1 Dripping water Vertically falling water. No harmful effect
2 Dripping water, 15° tilt Vertically falling water. No harmful effect when unit tilted up to 15° from its normal position
3 Spraying water Water falling as a spray at up to 60°. No harmful effect
4 Splashing water Water splashing from any direction. No harmful effect
5 Water jets Water projected by a nozzle from any direction. No harmful effect
6 Powerful water jets Water projected in powerful jets by a nozzle from any direction. No harmful effect
7 Immersion up to 1m Immersion in water up to 1m for 30 minutes Waterproof to 1m for 30 minutes
8 Immersion beyond 1m Continuous immersion

For example, the Fluke 28 II digital multimeter has a rating of "IP67." It is designed and tested to be dustproof and to withstand immersion in water to a depth of one meter for 30 minutes.

Again, a manufacturer's claim that a tool is "designed to meet" a water and dust resistance standard is no guarantee. Look for independent certification.

Is it rugged and durable?

One safety standard for electrical equipment (IEC 61010) specifies that a product must survive a one-meter drop at both its highest and lowest specified operating temperatures.

Damaged digital multimeters

Damage to multimeters subjected to a six-foot drop onto concrete Clockwise from top left: Broken screw boss, case separation, dislodged display, bent fuse clip with loose

The image above shows examples of products whose ruggedness and durability fell short when subjected to a more demanding test that simulated the effects of a fall from a six-foot ladder onto a concrete floor.

An Australian video blogger who loves to "exercise" electronic test equipment took this kind of testing to an extreme when he subjected a Fluke 28 II digital multimeter (which is tested by the manufacturer to withstand a three-meter drop) to a river canyon torture test - and took a video.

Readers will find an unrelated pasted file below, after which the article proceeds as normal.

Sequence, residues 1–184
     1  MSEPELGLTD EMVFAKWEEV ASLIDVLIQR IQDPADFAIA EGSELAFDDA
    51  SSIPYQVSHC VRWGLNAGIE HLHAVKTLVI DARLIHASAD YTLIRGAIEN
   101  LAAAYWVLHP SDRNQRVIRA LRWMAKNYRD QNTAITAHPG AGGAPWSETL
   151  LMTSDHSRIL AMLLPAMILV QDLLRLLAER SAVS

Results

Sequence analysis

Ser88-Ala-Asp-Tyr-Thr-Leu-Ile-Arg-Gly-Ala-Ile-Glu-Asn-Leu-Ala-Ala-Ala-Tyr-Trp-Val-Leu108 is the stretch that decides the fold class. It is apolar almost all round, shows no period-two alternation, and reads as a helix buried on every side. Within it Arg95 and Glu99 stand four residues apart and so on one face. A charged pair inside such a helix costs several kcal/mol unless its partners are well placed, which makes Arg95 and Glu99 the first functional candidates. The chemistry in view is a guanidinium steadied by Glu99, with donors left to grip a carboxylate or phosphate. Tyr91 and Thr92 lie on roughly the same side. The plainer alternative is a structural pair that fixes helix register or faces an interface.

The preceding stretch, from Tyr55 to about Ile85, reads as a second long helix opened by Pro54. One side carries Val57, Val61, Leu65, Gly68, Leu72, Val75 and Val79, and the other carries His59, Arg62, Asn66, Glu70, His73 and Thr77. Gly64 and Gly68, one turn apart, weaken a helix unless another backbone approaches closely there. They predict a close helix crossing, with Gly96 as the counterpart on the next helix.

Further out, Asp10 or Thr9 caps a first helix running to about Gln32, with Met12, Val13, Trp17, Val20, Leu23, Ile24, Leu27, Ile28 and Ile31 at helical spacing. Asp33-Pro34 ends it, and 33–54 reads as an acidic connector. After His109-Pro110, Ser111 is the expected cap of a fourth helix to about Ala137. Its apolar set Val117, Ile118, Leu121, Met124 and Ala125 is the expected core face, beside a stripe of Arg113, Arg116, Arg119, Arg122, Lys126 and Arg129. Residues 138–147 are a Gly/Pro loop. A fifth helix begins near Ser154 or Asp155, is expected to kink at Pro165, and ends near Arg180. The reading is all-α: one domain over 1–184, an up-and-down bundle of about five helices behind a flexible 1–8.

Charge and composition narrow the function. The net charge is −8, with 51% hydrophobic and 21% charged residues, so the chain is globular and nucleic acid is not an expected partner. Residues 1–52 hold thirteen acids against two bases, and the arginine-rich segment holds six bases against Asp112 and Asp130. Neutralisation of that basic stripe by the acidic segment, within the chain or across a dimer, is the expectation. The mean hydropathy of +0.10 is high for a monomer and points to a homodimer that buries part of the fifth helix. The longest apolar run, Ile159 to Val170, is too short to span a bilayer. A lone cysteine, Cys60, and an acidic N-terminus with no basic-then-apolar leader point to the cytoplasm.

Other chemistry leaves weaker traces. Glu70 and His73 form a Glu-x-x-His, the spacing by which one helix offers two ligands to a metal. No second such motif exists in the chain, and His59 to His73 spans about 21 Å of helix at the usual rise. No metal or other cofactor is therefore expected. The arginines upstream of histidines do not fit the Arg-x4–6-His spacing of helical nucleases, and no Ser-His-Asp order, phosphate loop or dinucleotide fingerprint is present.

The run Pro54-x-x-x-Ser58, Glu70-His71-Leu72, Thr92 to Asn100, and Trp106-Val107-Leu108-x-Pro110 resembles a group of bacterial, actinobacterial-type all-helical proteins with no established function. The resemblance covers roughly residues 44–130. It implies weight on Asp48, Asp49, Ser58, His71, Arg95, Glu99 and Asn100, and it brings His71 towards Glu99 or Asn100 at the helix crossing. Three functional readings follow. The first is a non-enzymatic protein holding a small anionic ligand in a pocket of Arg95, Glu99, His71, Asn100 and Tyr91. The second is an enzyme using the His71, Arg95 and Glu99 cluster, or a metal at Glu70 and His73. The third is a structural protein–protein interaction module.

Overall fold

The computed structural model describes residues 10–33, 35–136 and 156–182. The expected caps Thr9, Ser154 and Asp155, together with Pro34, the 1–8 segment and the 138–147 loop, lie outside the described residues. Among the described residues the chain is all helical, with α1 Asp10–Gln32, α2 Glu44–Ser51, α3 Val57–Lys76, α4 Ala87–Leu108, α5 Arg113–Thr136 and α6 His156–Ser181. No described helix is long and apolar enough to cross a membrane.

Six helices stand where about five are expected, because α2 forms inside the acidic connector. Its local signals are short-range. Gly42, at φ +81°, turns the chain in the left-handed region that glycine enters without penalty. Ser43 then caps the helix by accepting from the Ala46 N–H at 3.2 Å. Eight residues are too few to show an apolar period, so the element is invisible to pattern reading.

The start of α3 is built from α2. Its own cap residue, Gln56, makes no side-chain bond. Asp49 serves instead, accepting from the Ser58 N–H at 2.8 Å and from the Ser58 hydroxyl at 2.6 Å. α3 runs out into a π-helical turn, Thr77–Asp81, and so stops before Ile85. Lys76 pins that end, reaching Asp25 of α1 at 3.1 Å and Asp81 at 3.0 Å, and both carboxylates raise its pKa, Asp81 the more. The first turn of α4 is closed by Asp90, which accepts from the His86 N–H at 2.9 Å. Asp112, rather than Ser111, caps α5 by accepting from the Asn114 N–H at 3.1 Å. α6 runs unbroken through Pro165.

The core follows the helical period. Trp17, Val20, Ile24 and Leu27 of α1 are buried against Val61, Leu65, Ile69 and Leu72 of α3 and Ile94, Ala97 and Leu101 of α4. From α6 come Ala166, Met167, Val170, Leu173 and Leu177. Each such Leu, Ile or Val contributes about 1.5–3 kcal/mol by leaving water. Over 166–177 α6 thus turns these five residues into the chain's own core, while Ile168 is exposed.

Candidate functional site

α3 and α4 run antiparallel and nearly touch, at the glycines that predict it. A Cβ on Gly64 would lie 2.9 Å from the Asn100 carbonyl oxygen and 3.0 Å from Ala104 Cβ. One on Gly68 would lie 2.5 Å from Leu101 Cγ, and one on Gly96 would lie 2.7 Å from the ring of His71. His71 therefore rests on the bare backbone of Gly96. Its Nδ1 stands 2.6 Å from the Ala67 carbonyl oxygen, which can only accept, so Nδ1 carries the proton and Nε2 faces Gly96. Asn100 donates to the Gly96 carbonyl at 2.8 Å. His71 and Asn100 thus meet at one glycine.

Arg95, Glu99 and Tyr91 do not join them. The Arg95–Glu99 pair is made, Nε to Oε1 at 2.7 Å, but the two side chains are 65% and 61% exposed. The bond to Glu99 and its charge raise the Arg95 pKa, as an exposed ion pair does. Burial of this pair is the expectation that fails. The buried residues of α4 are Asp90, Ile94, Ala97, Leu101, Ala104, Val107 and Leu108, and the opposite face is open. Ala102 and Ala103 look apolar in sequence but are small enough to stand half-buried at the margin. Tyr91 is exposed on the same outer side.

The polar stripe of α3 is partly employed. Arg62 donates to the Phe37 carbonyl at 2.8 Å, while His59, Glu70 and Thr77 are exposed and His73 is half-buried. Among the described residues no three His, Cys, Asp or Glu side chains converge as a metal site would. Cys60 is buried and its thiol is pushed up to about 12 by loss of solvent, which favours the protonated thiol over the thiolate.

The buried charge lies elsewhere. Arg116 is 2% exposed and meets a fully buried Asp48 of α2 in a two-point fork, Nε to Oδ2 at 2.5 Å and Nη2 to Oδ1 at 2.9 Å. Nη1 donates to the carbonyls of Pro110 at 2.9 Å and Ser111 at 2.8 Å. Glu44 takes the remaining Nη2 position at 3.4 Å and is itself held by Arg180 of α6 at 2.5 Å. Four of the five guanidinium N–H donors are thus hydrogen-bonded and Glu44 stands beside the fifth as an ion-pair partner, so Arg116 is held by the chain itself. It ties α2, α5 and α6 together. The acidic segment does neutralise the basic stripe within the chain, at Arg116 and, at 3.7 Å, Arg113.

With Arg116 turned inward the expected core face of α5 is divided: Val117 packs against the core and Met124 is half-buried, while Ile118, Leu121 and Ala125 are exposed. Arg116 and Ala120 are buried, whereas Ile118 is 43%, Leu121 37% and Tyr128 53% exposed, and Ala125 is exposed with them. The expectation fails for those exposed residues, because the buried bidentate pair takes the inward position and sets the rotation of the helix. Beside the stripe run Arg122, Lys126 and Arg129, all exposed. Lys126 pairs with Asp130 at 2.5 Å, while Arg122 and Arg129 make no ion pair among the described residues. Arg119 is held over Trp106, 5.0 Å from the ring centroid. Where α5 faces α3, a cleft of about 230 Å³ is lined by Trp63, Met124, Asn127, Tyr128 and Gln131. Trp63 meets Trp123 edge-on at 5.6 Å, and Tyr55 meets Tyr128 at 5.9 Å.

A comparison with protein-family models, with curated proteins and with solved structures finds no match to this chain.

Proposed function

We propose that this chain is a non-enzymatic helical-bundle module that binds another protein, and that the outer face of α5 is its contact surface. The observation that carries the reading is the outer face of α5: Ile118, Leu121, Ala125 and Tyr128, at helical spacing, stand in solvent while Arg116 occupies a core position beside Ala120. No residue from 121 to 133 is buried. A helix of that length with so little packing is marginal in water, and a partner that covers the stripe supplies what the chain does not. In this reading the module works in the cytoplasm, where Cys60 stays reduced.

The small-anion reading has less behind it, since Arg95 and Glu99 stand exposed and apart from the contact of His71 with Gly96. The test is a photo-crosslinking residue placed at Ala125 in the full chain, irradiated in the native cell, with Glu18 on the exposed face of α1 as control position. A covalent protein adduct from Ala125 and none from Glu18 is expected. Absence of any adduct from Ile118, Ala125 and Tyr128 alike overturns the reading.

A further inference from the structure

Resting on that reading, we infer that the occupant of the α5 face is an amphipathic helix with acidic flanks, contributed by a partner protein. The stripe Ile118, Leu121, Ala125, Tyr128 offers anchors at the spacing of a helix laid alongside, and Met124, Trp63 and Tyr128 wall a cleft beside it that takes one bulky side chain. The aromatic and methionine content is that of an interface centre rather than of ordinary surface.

Can you trust the manufacturer?

Another method of determining product ruggedness and durability is to look at the manufacturer's reputation for quality and reliability, how long the manufacturer has been providing products to the industry, and the number of older products from that manufacturer that are still in use. (How long the manufacturer itself has been around is another good indication of product quality). New manufacturers and suppliers entering the market can make claims about safety, quality, durability, and ruggedness, but have only a short track record to support their claims.

How do you choose?

Faced with many choices and many competing claims, how do you choose? Here are some things to consider:

  • Start by making sure that any meter you are considering has an IEC category and voltage rating (a "CAT rating") appropriate for the environment in which you will be working.
  • Make sure the meter has one or more safety certification marks from an independent rating agency. If in doubt, ask the vendor or manufacturer for proof of compliance with established safety standards.
  • Look for a solid, well-built instrument that is free of obvious defects (rattles, poor workmanship, cheap materials) and that is built to withstand years of use.
  • If you work outdoors, in harsh environments, or just want a multimeter that is dust and water resistant, look for an "IP code" (for example, "IP67"). Safety certification testing for IEC 61010 doesn't test for compliance with the IEC 60529 "ingress protection" standard, so check with the manufacturer or vendor for proof of compliance.
  • Look for a brand with a reputation for quality made by an established manufacturer.

Learn more
ABCs of DMMs (.pdf) »
Don't risk CAT IV areas without the right leads (.pdf) »